The next reference is from Record of the Dream of Rafters, a pretty disorderly text about life in the late Song dynasty around the greater Shanghai area.  The page in question talks about how everybody in Hangzhou, no matter how rich or poor, enjoys soups.  Salted fish is the main ingredient, and vast amounts of it are on sale spread out in the market and being carried about.  The author then lists a bewildering list of kinds of "famous kinds of dried fish", and transitions into "and there's also..." listing other foods that are a little unclear but include "wine river skate, wine fragrant snails, wine oysters, ..., small nail-head fish, purple fish, fish fat, arc clams, mackerel, ... " before mentioning 鹵蝦, "salted shrimp" but which our article claims is the braised shrimp 滷蝦 (remember the etymology of braising originating from salt brine reduction).  Another list follows with salted fish condiments (鮓) and jellies, and it does proceed on to "roasted" (炙) fish of various kinds, as well as steamed and stirfried white shrimp.
Gif of Bubba from the movie Forrest Gump reciting a long list of shrimp recipes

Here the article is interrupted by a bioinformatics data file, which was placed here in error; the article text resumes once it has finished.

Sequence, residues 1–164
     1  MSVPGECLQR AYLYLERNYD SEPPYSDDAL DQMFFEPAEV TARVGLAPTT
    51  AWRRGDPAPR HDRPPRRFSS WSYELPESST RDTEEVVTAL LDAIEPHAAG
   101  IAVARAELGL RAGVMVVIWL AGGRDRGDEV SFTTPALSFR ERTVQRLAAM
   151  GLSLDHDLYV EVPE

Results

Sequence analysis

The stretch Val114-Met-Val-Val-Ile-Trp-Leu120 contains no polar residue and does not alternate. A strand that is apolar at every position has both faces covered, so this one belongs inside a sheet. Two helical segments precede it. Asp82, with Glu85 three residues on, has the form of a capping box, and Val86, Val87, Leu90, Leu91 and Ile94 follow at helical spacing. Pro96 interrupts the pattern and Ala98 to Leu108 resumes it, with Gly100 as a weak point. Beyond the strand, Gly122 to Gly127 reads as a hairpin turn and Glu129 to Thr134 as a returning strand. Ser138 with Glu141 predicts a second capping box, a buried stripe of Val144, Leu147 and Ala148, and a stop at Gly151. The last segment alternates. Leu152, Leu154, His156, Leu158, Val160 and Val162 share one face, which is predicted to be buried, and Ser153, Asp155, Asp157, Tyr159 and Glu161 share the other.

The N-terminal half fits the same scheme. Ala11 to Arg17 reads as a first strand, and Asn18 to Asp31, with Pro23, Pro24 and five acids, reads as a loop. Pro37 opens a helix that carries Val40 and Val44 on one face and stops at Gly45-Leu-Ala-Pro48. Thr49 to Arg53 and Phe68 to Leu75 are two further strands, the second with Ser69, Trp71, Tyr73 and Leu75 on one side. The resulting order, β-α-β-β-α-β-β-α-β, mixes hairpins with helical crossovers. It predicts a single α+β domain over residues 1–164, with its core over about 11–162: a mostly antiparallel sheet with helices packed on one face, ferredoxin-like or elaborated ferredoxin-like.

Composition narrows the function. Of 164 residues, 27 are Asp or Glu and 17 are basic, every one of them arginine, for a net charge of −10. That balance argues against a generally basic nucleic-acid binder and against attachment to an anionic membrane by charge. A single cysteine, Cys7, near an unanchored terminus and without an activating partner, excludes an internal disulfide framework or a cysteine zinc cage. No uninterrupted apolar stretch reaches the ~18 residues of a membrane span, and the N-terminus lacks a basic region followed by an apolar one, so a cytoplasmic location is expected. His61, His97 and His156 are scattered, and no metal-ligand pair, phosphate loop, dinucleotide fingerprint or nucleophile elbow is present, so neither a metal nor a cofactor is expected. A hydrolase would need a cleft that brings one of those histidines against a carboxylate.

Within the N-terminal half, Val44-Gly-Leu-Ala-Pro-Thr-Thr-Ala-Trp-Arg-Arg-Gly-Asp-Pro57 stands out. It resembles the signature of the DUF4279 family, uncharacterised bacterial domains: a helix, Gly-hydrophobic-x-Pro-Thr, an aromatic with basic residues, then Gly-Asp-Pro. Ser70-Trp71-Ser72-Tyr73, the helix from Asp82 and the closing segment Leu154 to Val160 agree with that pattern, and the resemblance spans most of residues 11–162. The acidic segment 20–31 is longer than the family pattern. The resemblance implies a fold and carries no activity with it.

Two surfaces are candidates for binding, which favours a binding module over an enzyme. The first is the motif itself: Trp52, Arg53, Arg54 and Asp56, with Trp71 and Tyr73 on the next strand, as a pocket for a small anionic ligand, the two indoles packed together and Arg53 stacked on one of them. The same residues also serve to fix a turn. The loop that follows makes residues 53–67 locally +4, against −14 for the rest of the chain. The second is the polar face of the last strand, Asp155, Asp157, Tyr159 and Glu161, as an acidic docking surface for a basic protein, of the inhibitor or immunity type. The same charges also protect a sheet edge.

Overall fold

Basically this but it's all dried fish
Image owned by its copyright holder and not released under cc-sa-4

Initially I was unconvinced: 鹵 is not 滷, but when I went to look at the scanned text the character is actually 滷.  Now, this is not a slam dunk: this kind of character swap is fairly common historically and while the text appears printed that doesn't meant there are no errors.  I'm inclined to think that this is just salted shrimp, since it's not with the prepared food in the list.  Either way, we don't have a recipe - the article uses this to cite the beginning of the name 滷 for this cooking method.

The rest of the citations are from the Qing dynasty and I won't be pursuing them in this post, but Sean Chen over at Way of Eating has a recipe for Braised Chicken and Hanged Soy Braised Duck ("braised" as in 鹵) from 1792 cookbook Suiyuan Shidan.  Give them a read!

The rest of the article gives more historical background but I'm not equipped to assess it.  Enjoy the recipes!  Let me know if you try them.